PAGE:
Cognition, communication and culture in an evolutionary perspective; anthropological fieldwork in Ethiopia, theoretical and experimental work in linguistic pragmatics and in cognitive psychology
About this Fellow
Jim Hurford trained as an articulatory phonetician, and has written textbooks on semantics and grammar, two books on numeral systems and three books on the origins and evolution of language, beside articles on phonetics, syntax, phonology, language acquisition and pragmatics. His interest is in reconciling various traditions in Linguistics which have tended to conflict. His work is interdisciplinary, based in linguistics, but reaching out to, and taking insights and data from, anthropology, psychology, neuroscience, genetics, artificial intelligence and philosophy. His thinking relates the work of formal linguists who study sentences out of their communicative context, psycholinguists and neuroscientists who study the brain processes underlying language use, and anthropologists and sociolinguists who emphasize how language is embedded in social groups. This effort considers how representations of languages in individual minds interact with properties of languages used in communities, and emphasizes the interaction of evolution, learning and communication. Early work focussed on numeral systems, and this broadened out to the topic of the evolution of language, in all senses of that phrase. He produced some of the earliest computer simulations of aspects of the evolution of language.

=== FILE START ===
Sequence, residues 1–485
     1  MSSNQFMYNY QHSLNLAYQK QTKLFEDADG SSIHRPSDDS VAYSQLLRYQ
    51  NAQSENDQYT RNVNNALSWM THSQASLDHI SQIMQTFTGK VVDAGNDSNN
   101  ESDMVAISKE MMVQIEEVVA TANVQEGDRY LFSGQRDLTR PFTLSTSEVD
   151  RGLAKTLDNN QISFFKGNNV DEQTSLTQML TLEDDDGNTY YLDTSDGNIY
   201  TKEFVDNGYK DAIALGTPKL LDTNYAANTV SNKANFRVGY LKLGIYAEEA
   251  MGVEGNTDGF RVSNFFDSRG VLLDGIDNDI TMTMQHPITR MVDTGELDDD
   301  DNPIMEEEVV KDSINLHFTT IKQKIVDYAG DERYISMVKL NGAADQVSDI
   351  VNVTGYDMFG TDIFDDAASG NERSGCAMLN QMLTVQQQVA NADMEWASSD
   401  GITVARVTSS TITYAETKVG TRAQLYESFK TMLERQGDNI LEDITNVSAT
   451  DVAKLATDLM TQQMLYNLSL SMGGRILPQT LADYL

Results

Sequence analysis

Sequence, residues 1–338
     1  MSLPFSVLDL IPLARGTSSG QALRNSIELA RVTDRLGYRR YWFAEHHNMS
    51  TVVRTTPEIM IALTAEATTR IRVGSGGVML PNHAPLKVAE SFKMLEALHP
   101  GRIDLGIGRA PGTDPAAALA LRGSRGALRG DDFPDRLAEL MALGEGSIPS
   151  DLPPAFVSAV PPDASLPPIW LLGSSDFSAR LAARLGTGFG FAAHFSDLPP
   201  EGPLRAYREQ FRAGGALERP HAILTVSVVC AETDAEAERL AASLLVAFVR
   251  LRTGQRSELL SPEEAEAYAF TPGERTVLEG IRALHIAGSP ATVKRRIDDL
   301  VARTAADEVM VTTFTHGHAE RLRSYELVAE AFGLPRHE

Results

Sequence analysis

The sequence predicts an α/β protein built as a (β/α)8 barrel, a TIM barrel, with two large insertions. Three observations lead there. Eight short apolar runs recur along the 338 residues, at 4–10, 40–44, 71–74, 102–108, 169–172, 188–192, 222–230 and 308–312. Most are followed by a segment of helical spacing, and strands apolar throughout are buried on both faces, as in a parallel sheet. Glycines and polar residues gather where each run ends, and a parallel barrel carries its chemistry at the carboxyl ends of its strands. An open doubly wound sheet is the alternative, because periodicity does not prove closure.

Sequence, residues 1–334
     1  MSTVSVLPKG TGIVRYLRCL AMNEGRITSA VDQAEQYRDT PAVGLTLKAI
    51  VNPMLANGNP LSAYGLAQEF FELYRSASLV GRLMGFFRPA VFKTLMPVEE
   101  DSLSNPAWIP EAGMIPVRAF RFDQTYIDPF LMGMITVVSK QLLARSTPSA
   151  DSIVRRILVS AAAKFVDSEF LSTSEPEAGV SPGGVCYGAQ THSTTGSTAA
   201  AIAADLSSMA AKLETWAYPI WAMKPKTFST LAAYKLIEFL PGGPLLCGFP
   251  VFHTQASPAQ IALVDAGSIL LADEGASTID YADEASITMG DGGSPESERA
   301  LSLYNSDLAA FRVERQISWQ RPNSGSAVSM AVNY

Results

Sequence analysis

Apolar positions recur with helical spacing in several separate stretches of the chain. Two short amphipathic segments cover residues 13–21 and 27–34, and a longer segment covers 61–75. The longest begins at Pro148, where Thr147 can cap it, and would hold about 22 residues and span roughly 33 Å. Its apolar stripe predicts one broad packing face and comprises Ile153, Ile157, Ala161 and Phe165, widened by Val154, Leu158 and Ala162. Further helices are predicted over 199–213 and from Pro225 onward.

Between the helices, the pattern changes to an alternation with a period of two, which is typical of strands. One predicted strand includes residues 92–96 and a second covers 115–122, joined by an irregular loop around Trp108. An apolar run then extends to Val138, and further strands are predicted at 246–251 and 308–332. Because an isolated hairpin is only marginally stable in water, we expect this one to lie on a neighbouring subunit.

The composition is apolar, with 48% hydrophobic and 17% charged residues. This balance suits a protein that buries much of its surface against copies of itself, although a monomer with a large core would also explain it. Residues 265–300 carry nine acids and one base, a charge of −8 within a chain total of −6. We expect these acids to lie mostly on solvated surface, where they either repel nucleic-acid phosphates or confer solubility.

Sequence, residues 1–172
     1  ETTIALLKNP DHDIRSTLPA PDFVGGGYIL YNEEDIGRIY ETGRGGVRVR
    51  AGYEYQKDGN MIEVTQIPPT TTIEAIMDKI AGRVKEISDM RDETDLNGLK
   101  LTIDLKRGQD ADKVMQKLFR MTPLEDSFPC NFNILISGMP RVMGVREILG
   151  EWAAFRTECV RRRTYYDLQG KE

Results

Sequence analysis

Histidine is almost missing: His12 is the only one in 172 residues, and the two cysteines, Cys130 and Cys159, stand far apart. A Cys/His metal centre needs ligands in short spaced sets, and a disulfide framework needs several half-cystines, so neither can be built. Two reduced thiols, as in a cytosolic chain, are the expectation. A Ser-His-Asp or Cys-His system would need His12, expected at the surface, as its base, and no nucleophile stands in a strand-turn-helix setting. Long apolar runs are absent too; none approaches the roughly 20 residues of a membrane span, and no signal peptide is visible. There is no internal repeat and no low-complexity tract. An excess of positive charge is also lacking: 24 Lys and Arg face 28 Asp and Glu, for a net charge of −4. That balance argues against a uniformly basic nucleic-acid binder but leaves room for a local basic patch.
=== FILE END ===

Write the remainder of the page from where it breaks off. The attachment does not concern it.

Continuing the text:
- Emeritus Professor of General Linguistics, University of Edinburgh
Historical linguistics; semantic change, cognitive and interactional pragmatics; theories of grammaticalisation and construction grammar
Phonology, morphology, historical linguistics, metrics, and the Sanskrit grammatical tradition. The relation between word structure and sentence structure, and the principles governing language change.
Sociolinguistics; language change in multilingual urban centres, adolescent language, language & education, syntactic & discourse variation, syntax of spoken English.